The following is a guest post by Rachel Reuben the Director of Web Communication & Strategic Projects in the Office of Public Affairs at State University of New York at New Paltz. Rachel was kind enough to share her recent completed report. You can contact Rachel through email (rachel.reuben at gmail dot com) or connect through twitter.
This summer I did an independent study research project in pursuit of my MBA (expected graduation is May ’10). The focus of my research was the use of social media in higher education, specifically for marketing and communication.
This guide originally started with the premise of being co-authored with my sponsoring professor, and we planned to seek publication in an academic journal, and to present it at an upcoming conference. Unfortunately our schedules did not work out for the original concept, so I hope the guide as it turned out will still be useful to high level administrators in academia. We do plan to beef up the data analysis section and re-visit its focus into an academic publication later this year.
In July I produced a survey that was distributed via three listservs (uweb, HighEdWeb, SUNY CUADNet) and Twitter, asking what tools colleges are using, which offices maintain them, how often they spend maintaining them, and what target audience(s) they’re primarily using them for. I ended up with 148 unique colleges/universities responding to the survey.
The Conversation Prism
The tools I focused on for the purpose of this survey included Facebook, MySpace, YouTube, Flickr, Twitter, blogs, and del.icio.us (now delicious.com). This research project culminated into writing a guidfe geared towards high level administrators in higher education, such as President’s and VP’s who have heard about social media, but need a complete introduction to the concept and potential. However, I do believe the data presented provides some solid statistics for mid-level Web, marketing and communication professionals to use to convince their supervisors that some forms of social media may be very beneficial to their overall marketing and communication mix.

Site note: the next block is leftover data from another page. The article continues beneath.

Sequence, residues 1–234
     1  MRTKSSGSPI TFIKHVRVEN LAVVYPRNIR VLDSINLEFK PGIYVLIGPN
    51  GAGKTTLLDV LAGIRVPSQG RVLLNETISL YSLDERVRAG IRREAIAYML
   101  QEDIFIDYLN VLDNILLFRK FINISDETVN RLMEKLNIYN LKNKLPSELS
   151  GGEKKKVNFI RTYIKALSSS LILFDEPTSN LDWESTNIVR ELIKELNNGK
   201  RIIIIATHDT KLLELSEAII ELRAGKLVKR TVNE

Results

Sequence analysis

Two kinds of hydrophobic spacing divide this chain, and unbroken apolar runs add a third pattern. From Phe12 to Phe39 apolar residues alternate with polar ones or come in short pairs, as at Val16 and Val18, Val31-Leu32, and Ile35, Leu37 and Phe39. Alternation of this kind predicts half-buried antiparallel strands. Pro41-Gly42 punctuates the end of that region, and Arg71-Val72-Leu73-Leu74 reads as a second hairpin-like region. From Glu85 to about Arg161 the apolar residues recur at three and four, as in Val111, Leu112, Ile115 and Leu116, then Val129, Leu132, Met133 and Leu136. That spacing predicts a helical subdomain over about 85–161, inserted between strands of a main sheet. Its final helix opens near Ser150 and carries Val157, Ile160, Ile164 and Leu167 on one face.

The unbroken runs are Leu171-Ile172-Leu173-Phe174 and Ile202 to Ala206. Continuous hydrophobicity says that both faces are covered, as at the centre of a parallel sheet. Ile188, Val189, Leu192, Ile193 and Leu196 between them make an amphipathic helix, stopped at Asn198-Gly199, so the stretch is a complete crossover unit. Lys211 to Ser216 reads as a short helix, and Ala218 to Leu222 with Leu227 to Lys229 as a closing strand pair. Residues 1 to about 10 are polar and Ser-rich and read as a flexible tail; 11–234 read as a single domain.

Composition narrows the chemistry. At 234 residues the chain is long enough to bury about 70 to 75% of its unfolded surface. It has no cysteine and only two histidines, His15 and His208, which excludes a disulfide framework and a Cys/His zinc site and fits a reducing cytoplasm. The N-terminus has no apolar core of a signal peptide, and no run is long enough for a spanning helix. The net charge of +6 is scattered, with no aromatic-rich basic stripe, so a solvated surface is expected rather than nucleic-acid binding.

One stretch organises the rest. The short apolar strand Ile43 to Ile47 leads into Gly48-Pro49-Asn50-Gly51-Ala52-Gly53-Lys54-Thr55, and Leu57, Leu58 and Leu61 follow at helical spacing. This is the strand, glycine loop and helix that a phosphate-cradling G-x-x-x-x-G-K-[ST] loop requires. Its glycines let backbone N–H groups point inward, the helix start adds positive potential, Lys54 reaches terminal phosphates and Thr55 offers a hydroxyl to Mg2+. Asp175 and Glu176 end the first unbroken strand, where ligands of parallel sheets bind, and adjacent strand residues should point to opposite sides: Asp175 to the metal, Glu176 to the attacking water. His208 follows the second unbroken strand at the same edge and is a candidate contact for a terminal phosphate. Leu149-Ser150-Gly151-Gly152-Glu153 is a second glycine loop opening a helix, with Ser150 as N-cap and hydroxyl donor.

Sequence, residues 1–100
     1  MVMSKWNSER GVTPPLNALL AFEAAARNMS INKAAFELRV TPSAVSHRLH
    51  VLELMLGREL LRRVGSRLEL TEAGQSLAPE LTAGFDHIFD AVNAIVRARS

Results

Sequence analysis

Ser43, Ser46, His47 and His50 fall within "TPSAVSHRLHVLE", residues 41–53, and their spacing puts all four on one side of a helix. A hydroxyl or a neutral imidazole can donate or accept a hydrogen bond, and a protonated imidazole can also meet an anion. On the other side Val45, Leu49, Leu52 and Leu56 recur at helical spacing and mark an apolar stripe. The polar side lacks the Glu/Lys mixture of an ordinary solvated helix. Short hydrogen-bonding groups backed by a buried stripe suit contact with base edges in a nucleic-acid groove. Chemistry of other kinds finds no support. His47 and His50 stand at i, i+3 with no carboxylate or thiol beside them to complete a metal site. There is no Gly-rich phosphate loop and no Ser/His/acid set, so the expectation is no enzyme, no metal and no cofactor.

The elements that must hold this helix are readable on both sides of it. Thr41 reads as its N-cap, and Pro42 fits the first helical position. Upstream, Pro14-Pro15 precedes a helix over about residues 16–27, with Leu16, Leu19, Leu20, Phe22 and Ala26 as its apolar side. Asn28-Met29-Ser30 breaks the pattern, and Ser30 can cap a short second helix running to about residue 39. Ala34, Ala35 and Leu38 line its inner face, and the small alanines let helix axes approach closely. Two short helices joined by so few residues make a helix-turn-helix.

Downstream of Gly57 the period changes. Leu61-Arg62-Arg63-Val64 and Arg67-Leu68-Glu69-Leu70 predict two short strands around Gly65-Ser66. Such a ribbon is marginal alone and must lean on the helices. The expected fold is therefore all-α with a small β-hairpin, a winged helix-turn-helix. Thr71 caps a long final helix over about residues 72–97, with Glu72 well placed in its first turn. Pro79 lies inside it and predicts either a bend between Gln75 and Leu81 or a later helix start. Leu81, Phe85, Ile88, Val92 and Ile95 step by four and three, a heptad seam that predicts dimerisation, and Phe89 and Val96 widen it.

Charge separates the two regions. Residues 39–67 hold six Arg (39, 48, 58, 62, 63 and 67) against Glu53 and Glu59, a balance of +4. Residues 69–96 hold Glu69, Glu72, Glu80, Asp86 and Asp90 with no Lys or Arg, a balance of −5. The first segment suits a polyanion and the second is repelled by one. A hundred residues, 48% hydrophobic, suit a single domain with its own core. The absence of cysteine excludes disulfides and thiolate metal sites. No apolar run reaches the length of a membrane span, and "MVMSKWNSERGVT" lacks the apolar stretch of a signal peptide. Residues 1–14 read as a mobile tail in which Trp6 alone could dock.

Download: The Use of Social Media in Higher Education for Marketing and Communications: A Guide for Professionals in Higher Education (PDF)
- Facebook has great potential for our purposes, and just over half of those surveyed already have a Facebook Page for their University. MySpace is not only loosing ground with the general population in terms of the number of active users, but it’s also not popularly used in higher education.
- YouTube has enormous capabilities and potential. This is an area where you can really see a lot of ROI with no real post-production costs and an infinite audience (vs. creating CDs/DVDs, paying for postage to mail, distributing at fairs, etc.).
- Higher education hasn’t quite found the right niche for Twitter yet. It has great potential in the future, and there are a few ideas floating out there that may take off in the coming months – it will be interesting to see how this plays out.
- In this guide I discuss concerns and implications for adopting (or not) social media, and illustrate some best practices in the higher education industry.